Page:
When Arleen and I started our first company, Insurance Licensing Services of America (ILSA), we knew that our main “competitors” would be our clients themselves. None of the services we offered were things that an agent or agency couldn’t do for themselves if they wanted to. To make our business work, our team needed to get to know our clients, to really understand their needs and to meet those needs in a way that exceeded their expectations. We were client-centered before it was cool.
Creating a Client-Centered Business
Customer satisfaction isn’t a new idea. Business owners have always tried to offer their goods and services in a way that appeals to customers. And, of course, any business with clients needs a certain amount of satisfaction from those clients in order to stay in business.
Even though the idea of client-centered business is not new, what that actually looks like changes as personal needs and technology advance. Today, we have a very diverse population with wide range of needs and expectations. So what does it take to get (and stay) client-centric? Is it an idea, a process, or a skill set?
Being a business centered on the client starts with understanding what services they need. To understand what clients need, strong research and communication skills are essential. Knowing the market can give you a general idea, but you must communicate with individual clients as well. This requires a strong business model, aligned across departments, with clear strategies and an overall culture that is built around meeting customer needs.
For example, in the grocery business, if the only people that cared about meeting the needs of the customer were those on the front lines, such as cashiers, that store would fail. Cashiers can’t meet the needs of the customers if the grocery team, store managers, and store owners are not in the background making sure the cashier has the resources they need to do so.
The same goes for all businesses. A customer service or client representative with no backup will not be able to meet the needs that could promote satisfaction – no matter how much effort they devote to it.
Design the Experience
But how can we get the entire business on the same page? A business model should have a specific and overlapping design about the client experience. Basic questions to guide how the customer experience will go might include:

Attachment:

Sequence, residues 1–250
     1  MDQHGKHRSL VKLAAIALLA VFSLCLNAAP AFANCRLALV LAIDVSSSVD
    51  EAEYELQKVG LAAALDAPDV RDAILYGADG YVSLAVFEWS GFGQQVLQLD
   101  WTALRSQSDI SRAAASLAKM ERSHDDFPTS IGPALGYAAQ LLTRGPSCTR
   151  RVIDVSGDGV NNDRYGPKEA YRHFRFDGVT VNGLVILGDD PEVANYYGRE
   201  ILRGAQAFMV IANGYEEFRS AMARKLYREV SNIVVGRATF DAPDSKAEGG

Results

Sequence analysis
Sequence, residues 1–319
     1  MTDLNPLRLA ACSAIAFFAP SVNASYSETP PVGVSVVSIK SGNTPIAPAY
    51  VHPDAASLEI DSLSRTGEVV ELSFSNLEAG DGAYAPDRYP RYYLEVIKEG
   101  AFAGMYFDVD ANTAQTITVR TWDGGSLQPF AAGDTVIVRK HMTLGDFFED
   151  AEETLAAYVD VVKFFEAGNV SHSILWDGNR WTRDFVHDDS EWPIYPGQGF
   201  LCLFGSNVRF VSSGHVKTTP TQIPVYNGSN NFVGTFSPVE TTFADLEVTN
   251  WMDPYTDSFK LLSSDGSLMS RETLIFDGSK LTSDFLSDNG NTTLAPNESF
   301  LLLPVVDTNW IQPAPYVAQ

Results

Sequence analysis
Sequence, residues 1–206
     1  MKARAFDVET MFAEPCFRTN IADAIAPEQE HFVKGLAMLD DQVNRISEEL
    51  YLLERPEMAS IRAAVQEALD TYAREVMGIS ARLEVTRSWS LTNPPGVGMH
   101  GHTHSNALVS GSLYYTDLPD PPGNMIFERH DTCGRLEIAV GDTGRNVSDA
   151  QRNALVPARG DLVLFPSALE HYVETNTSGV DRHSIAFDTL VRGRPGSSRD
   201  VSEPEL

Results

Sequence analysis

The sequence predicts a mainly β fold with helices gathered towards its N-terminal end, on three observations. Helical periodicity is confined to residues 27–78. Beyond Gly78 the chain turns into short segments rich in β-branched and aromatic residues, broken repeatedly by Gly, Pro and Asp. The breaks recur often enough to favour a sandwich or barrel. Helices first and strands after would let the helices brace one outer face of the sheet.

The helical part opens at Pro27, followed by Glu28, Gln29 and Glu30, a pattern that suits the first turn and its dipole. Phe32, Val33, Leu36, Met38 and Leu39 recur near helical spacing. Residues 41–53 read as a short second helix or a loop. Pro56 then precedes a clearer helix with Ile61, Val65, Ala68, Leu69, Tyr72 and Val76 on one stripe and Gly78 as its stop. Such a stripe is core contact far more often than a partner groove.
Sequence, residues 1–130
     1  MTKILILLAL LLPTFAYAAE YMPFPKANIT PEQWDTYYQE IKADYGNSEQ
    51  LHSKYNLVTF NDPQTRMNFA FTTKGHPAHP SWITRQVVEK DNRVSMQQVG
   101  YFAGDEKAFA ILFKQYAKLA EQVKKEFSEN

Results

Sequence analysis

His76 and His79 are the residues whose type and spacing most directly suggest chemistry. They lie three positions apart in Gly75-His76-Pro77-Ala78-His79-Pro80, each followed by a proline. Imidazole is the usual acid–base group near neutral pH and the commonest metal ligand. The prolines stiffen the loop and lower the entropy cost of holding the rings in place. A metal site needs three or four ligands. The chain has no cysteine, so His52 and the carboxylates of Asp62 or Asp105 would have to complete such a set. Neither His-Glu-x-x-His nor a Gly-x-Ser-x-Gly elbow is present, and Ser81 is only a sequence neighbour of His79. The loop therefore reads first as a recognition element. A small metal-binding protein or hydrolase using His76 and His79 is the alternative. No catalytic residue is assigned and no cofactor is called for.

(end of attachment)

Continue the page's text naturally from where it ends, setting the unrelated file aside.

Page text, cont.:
- Who is on the front line of communication?
- How are we meeting the needs of the client with our services?
- What happens when a need isn’t met?
- Who can meet specific needs of a client?
There should be several “roadmaps” to help employees guide the client to a solution. A client-centered business is not just a great slogan for advertising! Businesses have to keepthe customers once they get them in the door with a team effort aimed at meeting client needs.
Even with a strong business model and employee training that is specifically designed to meet the requests of clients, no two clients will have the same needs or require the same kind of attention. A company must expect variation and be able to adapt to those variances with the same attention and care as their standard model. Employees on the front lines of client communication should be empowered to listen to needs and communicate those needs internally to provide the best service throughout the company. Communication throughout the company should be the expectation, not a bonus feature.
Communication and Feedback
Marketing a business can’t stop once the client is in the door. Businesses need to continue marketing their services or products to current clients, based on those clients’ specific needs. Communication, both with client and with those working on their behalf within a business, is how you can remain reputable while continuing to grow client accounts and increase overall satisfaction.
With the advent of social media, it’s even more important that businesses fulfill their promise to customers and clients alike as everyone now has a platform to announce their pleasure or distaste with a company’s service.
Tying It All Together
While needs vary from person to person, meeting or exceeding needs of clients is an achievable goal when all the moving parts of a business are geared toward the same outcome. In short, a client-centered business is an idea driven by company design that highlights specific skills and processes that work together to put the client first in a business transaction.
The links below provide more information on client-centered business: